Workers Struggles: The Americas
Brazilian university workers, students to strike over cuts; series of strikes hit Argentina
14 May 2019
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Brazilian university workers, students to strike against government budget cuts
Public university professors, workers and students in Brazil called for a general strike May 15 against attacks on public education by the government of Jair Bolsonaro. The strike call was in reaction to the right-wing president’s recent announcement that he was going to cut public university funding by up to 30 percent.
Bolsonaro’s particular targets are social sciences, philosophy and other subjects that involve critical thinking. In line with this agenda, he recently announced his appointment as Education Minister Abraham Weintraub, who shares his goal of “decentralizing” investment, “to focus on areas that generate immediate returns to taxpayers, like veterinary, engineering, and medicine.”
Three federal universities have already announced that they may not be able to survive the budget cuts, which will make education even less affordable. Bolsonaro is also pushing for pension “reforms” that would further deteriorate the living standards of retired education sector workers and the working class in general.
Argentina: Petroleum workers union calls work stoppage following death of two operators
On May 5, two operators at the Tecpetrol petroleum plant in Fortín de Piedra, in Argentina’s Neuquén province, died when they fell into a decanting pool. The plant’s union, the Private Gas and Petroleum Syndicate of Río Negro, Neuquén and La Pampa, announced a work stoppage for May 13 at all the fields managed by the Pecom energy services contractor in the Neuquén region.
The “control measure” was slated to include inspections of all the plants with the object of “assuring that there is no more negligence,” according to a union communiqué. The announcement added that the action was “not a measure of force, but a review of safety of activity.”
Argentine judicial workers set to strike over salary demand
The Buenos Aires Judicial Association (AJB) announced May 8 that its members will go on strike for two days, May 15 and 16. The walkout was called as a result of the failure of talks in La Plata between the AJB and the provincial government of María Eugenia Vidal.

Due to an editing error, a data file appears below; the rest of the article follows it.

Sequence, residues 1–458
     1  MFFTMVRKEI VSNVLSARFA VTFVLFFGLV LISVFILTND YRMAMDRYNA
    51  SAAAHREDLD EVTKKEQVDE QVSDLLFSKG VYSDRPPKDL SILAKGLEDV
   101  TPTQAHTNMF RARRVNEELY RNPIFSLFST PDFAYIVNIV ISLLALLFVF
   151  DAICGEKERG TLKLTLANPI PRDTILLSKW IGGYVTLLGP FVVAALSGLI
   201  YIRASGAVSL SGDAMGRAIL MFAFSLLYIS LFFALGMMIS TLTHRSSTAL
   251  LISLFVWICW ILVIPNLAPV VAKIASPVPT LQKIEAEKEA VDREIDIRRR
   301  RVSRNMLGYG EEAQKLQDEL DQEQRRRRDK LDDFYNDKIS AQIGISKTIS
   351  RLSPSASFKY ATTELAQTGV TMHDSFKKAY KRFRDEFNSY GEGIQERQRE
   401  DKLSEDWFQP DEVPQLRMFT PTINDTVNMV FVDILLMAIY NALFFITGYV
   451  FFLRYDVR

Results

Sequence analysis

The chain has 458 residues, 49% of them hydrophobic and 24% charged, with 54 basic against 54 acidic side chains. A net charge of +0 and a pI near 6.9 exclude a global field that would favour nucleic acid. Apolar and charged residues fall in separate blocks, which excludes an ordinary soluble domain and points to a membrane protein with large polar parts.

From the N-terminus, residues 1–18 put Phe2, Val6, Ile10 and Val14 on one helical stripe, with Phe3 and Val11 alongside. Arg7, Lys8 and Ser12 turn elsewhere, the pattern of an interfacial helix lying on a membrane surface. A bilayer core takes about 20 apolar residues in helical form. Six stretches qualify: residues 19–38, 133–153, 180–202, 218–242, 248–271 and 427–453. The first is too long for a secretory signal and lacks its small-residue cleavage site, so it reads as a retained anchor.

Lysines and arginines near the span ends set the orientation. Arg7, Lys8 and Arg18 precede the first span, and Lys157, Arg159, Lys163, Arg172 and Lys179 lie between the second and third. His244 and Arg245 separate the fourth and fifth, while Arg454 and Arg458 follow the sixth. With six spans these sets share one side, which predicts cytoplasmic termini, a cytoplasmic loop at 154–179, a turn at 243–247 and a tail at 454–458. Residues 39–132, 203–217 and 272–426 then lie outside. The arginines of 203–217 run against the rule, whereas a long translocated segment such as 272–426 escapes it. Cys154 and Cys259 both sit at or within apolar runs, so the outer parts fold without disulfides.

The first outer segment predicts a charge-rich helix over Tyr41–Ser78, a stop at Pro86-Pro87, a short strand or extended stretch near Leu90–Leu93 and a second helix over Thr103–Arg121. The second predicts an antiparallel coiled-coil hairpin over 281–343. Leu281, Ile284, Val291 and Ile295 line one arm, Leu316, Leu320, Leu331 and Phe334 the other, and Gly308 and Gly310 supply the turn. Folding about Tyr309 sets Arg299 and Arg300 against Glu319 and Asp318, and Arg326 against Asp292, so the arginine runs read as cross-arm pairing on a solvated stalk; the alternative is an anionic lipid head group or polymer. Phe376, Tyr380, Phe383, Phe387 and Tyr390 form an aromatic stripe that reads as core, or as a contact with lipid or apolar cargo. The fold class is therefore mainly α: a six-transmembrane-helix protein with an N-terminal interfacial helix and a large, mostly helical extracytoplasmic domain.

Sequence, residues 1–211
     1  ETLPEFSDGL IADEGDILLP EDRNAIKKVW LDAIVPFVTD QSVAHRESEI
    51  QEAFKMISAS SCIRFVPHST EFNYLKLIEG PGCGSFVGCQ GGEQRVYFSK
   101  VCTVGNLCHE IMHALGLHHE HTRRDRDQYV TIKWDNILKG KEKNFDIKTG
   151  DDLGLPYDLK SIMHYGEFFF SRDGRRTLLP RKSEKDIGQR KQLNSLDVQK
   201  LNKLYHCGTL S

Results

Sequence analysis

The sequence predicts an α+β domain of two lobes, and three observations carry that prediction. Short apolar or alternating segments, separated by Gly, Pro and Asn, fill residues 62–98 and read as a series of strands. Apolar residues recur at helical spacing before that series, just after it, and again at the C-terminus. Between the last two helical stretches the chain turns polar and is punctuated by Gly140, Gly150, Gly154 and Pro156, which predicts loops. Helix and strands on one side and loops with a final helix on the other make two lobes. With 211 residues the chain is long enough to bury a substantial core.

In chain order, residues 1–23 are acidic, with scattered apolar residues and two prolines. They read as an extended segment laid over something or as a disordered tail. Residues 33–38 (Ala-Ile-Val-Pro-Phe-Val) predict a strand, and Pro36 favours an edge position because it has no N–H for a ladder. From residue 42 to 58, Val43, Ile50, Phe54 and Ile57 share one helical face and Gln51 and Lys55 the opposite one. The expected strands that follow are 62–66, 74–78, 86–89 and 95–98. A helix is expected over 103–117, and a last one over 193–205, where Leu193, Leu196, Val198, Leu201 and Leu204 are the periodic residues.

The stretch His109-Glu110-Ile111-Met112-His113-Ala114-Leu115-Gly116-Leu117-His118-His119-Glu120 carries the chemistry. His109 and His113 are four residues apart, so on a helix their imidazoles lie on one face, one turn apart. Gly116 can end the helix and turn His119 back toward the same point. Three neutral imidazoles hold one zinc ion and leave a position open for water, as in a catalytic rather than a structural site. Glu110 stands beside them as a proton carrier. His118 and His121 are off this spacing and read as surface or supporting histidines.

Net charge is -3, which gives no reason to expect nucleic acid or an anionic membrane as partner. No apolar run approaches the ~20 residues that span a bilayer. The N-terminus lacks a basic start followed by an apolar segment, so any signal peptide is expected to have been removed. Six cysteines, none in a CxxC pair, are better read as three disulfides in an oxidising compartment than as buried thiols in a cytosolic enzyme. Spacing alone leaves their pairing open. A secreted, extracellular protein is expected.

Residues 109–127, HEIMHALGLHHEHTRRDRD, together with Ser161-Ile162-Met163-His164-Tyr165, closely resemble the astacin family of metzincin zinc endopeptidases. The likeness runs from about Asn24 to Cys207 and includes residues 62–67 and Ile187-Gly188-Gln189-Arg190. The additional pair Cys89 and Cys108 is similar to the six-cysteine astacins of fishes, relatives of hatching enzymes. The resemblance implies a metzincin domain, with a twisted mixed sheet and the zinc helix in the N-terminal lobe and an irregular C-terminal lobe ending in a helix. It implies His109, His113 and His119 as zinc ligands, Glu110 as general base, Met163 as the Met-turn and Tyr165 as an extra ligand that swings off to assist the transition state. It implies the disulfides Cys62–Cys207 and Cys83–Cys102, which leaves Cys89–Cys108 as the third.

Bargainers from the Economy and Labor Ministries offered a 7.5 percent raise retroactive from December 2018 to March of this year. It was the same offer that they had proposed in negotiations last December, and which AJB reps rejected as insufficient to counteract the erosion of their earning power due to inflation.
The walkout will include a mobilization at the federal capital and has the support of the State
Workers Association as well as the health syndicate association CICOP, both of whom joined AJB on May 7 on a one-day strike to demand the reopening of parity talks. Working conditions and the continuing attacks on living standards will also be subjects of the strike.
Educators union federation calls 48-hour strike against Argentine government’s salary proposal
Argentina’s Conadu Histórica educators’ union federation, following a plenary session of general secretaries on May 9, called for a two-day strike May 16 and 17 in opposition to the government’s latest salary offer. The national government’s most recent proposal was for installments that would add up to 15 percent by the end of the year and a “trigger clause” that would take until November to kick in.
The federation is asking for a 35 percent raise and considers the application of the “trigger clause” too late in the year.
The slogan of the strike and mobilizations will be “No to the adjustments of Macri and the IMF—Defend the Public University, Science and Technology.” The mobilization following the strike will include teachers’ unions, student organizations and the scientific-technological sector. Protesters will march from Buenos Aires’ Congress to the Plazas de Mayo.
Civil service workers in Peru strike over salary demand
Workers for Peru’s National Registry of Identification and Civil State (Reniec) walked off the job May 8 to press their demand for payment of higher salaries. Processing of official documents was brought to a halt.
The National Union of Workers of Reniec has for years demanded that the Ministry of Economy and Finance (MEF) recognize labor rights acquired through judicial decisions and arbitration awards. The minister’s reply is that there is conflict between arbitration rulings and civil law.
Recently Reniec announced that it did not recognize awards granted by the ministry in most of the years between 2012 and 2018. The Reniec general secretary claimed that it did not have the permission of the MEF to pay the awards. The refusal affected over 4,000 Reniec employees, and in some cases, Reniec workers are earning barely the minimum wage.
On May 9, in a meeting at the Ministry of Labor and Promotion of Employment, union and Reniec representatives signed an agreement and workers were told to resume their work on May 10.
Colombian truckers call for national strike